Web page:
Wednesday, January 4, 2023
Thursday, March 10, 2022
I'm using Canvy to display some of my artwork for online posts. The app allows the user to display their art in a variety of virtual rooms with a selection of frames, sizing, and wall colors.
Here's the link: www.randallensley.art
The pricing for Canvy is reasonable, I'm using the $15 per month option. You get a discount if you pay a year in advance which makes the cost about $12.40 per month. With these two options one gets access to approximately 500 virtual rooms and a website. There is a free version available too, however, your art is displayed with a Canvy watermark and you only get access to a limited number of virtual rooms.
I recommend it!
Monday, March 7, 2022
Probably the best statistical graphic ever drawn, this map by Charles Joseph Minard portrays the losses suffered by Napoleon's army in the Russian campaign of 1812. Beginning at the Polish-Russian border, the thick band shows the size of the army at each position. The path of Napoleon's retreat from Moscow in the bitterly cold winter is depicted by the dark lower band, which is tied to temperature and time scales.
It is a great illustration of the formidable size of Napoleon's invading army, numbered near 400,000, represented in tan, and the effects of winter and the repelling and ultimate retreat of the invaders shown in black. By the end of the campaign, Napoleon's force was reduced to approximately 10,000 represented by the thin black line near the end of the infographic.
This poster and more products by Edward Tufte can be purchased at the following link:
Tuesday, January 18, 2022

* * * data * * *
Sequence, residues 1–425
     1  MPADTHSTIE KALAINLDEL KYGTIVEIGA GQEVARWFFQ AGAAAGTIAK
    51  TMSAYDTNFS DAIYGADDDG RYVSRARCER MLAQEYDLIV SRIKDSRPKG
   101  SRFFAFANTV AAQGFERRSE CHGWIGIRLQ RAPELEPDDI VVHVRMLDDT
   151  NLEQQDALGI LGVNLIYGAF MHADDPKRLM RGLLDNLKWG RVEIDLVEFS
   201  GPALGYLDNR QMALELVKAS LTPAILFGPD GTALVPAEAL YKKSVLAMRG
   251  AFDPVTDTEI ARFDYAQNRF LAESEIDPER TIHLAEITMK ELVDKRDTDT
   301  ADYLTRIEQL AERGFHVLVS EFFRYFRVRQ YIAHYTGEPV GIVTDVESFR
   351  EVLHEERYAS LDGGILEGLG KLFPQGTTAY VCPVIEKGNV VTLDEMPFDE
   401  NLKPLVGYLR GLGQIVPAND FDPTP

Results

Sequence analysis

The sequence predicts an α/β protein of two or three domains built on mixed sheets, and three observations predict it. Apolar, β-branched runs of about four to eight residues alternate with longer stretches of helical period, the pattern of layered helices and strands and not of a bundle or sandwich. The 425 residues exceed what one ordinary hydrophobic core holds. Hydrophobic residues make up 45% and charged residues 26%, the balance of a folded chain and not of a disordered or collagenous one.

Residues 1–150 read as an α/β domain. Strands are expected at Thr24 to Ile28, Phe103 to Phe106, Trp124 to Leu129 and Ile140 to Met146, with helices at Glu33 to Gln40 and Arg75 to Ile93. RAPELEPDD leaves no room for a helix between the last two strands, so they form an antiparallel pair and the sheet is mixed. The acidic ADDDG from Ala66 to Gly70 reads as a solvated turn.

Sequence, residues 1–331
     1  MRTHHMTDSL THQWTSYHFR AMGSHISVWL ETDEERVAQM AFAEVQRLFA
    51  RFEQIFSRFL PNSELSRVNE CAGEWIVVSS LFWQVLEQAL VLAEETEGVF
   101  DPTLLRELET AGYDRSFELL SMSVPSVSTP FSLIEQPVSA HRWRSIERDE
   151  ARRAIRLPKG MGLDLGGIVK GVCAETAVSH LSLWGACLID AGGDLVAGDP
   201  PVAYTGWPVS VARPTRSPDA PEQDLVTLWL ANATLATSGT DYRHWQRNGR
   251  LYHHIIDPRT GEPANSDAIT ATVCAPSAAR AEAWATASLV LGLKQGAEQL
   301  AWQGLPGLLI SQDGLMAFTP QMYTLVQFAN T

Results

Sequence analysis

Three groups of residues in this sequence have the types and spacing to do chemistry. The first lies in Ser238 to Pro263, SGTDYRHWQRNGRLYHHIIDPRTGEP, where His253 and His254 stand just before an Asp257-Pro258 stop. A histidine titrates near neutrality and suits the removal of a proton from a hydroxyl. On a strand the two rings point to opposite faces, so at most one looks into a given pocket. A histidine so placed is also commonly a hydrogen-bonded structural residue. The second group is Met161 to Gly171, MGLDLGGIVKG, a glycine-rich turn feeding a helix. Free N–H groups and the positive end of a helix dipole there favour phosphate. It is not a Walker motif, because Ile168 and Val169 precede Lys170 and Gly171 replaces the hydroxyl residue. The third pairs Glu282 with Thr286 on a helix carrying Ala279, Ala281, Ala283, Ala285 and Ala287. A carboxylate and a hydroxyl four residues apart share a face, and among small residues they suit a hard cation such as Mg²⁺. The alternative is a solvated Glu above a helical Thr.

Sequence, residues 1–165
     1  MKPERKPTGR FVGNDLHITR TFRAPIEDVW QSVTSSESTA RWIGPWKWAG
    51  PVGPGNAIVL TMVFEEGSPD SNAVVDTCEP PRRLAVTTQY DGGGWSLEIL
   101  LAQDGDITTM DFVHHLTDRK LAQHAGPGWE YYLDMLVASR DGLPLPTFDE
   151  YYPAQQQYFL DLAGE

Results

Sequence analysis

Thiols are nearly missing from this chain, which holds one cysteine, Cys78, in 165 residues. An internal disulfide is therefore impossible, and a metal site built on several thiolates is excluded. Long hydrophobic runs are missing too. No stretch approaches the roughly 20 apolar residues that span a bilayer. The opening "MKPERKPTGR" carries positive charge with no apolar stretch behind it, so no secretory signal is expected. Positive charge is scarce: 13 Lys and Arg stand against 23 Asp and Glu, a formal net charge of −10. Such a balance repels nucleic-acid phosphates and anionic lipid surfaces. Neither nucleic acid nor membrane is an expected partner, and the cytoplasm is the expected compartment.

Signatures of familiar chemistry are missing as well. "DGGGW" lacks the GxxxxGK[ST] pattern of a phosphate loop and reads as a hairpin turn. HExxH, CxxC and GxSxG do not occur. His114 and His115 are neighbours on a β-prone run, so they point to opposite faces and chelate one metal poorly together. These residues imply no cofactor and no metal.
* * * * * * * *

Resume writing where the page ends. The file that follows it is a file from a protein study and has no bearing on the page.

Finally got around to reading this classic by prolific author Richard Matheson. Enjoyable and suspenseful with a good ending. Richard Matheson wrote, among other things, I Am Legend, which the Charlton Heston film Omega Man used as source material.
Wednesday, December 29, 2021
I am looking forward to this upcoming M. C. Escher exhibition at the Houston Museum of Fine Arts. Lovely wife Pam took me to an Escher exhibit at the New Britain Museum of American Art about a decade ago. The most meaningful, transcendent and transformative art exhibit I have ever been to. Escher's art, widely seen in books, posters and prints, is a different experience when the original is viewed three feet from your face. Highly recommended, this exhibition features over 400 of Escher's works.
#houstonmuseumoffineart #houston #escher #sciencefictionart #mfah #texas
Saturday, October 1, 2016
|Pahoa Natural Groceries|
|Me and the infamous gas can luggage|
Tuesday, September 13, 2016
|Pastel on Paper|
Additional information from original post: I just found out that the artist Louisa Chase passed away in May 2016. Very sad news. NY Times obituary here
Tuesday, August 23, 2016
One of my favorite characters from Star Trek, the Gorn Captain, drawn here on a sketch card. Loved many things about this episode, Arena...the war story, the Gorn, the landscape of the alien planet, a.k.a, the California desert...the Macgyver invention of Captain Kirk.
This card is currently available on eBay Star Trek Gorn Sketch Card by Randall Ensley
Tuesday, April 12, 2016
Friday, February 12, 2016
Me at a previous year's FCBD.
Click on the logo for the link!
Author's note: This post is from a couple of years ago.
Free Comic Book Day approaches. This year it is concomitant with the release of Iron Man so there should be a cool mini-figure given away free along with all the comics.
I will be appearing at Sarge's Comics in downtown New London, CT. Sarge's is a great (and large) comic shop in New London. I'll be selling prints and copies of the book "Writers of the Future Vol. XXIII" in which I have a couple of illustrations. There's always a large contingent of Stormtroopers and the true star of "Escape from New York", wrestling legend Ox Baker.
Come on down!
Thursday, February 11, 2016
|Fatal Error copyright Randall Ensley|